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New displays, music, cars for this year’s Langley Good Times Cruise-In

Planning is well advanced for the new edition of the Aldergrove car show

A car giveaway, a supercars exhibit, stunt drivers, and a builders area – there are plenty of new plans for this year’s edition of the Langley Good Times Cruise-In car show.

Cruise-In president Riccardo Sestito said many of the popular features of the annual car show will return again, including the presence of In-N-Out Burger, the return of hot rod builder Jimmy Shine to present an award, an RC car display, and the hundreds of customs, classics, and hot rods on display on Saturday, Sept. 9.

Although not all details are finalized for every event, Sestito shared some information about what’s expected for this year’s show.

One new feature is an opportunity to win a car for a year, a partnership with Langley Chrysler dubbed Hand Over A Jeep.

According to Cruise-In director Marty Brown, the first 40 qualifying entrants will have a chance to win the one-year lease, along with insurance, by putting their hands on the Jeep Cherokee starting on the Thursday before Cruise-In. The last one to take their hand off wins the car for a year.

If need be, the finale will take place on Saturday at Cruise-In, with a draw among final contestants if more than one person makes it to mid-day on the Saturday.

“There’s so many car shows out there right now,” Sestito noted. “Cruise-In has always set the bar.”

The goal this year was to get some new blood into the all-volunteer organizing group – there are several new directors – and to come up with some more things that you could only see at Cruise-In, he said.

“The undertaking of what we do is huge,” said Sestito. “And we want to keep that.”

With Langley and the Lower Mainland major centres for filming, some auto stunt performers are expected to be present this year.

READ ALSO: VIDEO: Crowds fill the streets of Aldergrove for Langley Good Times Cruise-In

There will also be a builders section, where local carbuilders will be set up to show off their work and techniques.

A display of high-end supercars – sports cars that cost well into six figures – is contemplated, and at the other end of the scale, there is expected to be a rock-crawling display of radio controlled cars.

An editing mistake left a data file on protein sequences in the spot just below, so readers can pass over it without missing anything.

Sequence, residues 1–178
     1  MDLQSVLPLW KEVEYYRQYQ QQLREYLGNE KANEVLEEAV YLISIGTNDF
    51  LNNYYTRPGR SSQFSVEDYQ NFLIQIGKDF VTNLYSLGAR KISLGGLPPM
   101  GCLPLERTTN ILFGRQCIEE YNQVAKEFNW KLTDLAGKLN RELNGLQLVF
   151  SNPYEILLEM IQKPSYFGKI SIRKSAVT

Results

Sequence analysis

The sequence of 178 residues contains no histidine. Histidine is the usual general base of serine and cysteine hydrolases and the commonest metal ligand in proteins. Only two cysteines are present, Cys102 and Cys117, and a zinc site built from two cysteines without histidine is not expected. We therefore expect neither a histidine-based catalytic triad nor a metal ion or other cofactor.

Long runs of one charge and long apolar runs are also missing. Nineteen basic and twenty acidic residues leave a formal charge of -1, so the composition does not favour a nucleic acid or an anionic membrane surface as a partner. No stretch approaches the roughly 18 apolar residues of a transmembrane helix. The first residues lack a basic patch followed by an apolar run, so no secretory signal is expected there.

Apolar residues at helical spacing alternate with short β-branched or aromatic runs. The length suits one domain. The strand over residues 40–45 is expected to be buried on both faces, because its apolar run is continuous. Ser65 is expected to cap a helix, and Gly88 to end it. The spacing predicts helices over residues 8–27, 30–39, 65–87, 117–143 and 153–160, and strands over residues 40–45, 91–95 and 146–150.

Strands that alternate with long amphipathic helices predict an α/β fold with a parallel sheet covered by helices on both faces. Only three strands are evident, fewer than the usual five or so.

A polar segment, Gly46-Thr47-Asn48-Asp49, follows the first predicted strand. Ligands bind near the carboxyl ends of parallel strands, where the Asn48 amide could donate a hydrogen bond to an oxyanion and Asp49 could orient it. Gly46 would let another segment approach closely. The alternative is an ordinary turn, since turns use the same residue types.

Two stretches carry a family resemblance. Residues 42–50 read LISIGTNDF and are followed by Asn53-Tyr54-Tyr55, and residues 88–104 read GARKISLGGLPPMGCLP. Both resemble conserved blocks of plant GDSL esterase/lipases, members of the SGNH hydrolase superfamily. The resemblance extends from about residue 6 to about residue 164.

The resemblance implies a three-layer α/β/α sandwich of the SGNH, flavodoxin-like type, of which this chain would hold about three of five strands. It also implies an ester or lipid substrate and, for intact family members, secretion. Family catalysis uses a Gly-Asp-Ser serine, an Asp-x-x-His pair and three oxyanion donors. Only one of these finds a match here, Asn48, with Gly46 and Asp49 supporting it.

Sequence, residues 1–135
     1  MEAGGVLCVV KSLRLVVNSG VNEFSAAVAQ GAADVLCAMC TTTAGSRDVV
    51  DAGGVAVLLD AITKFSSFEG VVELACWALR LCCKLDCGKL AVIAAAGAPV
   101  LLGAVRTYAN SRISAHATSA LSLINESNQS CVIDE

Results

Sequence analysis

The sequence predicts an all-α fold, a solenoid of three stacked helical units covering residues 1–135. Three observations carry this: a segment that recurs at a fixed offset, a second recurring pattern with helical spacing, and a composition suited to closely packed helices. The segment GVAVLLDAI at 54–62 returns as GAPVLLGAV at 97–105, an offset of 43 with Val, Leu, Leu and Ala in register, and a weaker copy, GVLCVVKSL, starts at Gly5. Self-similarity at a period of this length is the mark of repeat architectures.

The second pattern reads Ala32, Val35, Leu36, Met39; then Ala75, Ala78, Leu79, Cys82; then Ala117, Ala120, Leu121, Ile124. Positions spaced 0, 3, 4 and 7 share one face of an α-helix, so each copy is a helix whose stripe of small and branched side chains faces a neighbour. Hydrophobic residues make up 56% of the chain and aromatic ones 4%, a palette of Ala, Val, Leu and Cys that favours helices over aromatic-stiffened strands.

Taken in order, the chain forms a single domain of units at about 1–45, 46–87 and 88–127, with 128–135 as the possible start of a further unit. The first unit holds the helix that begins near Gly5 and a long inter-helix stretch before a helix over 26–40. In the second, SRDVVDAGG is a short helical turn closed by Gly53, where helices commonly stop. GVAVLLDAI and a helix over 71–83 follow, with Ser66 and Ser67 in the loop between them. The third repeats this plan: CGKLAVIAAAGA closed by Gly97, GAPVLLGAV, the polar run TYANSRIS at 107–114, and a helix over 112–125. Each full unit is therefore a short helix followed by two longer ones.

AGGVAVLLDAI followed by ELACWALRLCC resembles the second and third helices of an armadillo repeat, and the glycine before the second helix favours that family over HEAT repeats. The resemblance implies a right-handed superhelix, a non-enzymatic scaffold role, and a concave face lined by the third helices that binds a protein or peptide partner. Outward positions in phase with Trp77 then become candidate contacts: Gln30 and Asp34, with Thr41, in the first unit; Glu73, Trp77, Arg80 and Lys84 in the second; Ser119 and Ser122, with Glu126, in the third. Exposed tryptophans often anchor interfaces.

There will be a number of new, local bands this year, along with Steve Elliot’s Elvis performance.

Along with the return of In-N-Out Burger, there are expected to be seven food trucks set up near the intersection of Fraser Highway and Old Yale Road.

There will be plenty of paid public parking at nearby schools, including Aldergrove Community Secondary and Betty Gilbert Middle School to the south of the main display area.

Organizers are looking into setting up a shuttle bus this year to get folks to and from the parking area.

The annual Sunday swap meet will also be returning, seeing vendors setting up to sell all sorts of car parts, accessories, and memorabilia.

The Cruise-In is run entirely by volunteers, so every dollar that doesn’t pay for the show itself goes straight to local charities. Last year, the Cruise-In supported 11 local and regional charity groups, as well as providing funds for five more groups whose members worked as volunteers on the actual event.

Charities supported included local community schools, social service groups like Encompass Support Services and Ishtar Transition Housing Society, the Rotary Starfish Backpack program, the Happy Herd Farm Sanctuary, and Bikers Against Child Abuse.

As usual, the Cruise-In will shut down Fraser Highway through Aldergrove, from about 264th into the downtown, for much of the day.

Organizers are working closely with the Township of Langley and the local RCMP on traffic control and security. One thing that helps with traffic, Sestito noted, is that the Township has ensured there are no other major events going on nearby on Sept. 9, which helps make traffic around the area smoother for everyone.

Registrations are currently open through the Cruise-In’s website at

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Matthew Claxton

About the Author: Matthew Claxton

Raised in Langley, as a journalist today I focus on local politics, crime and homelessness.
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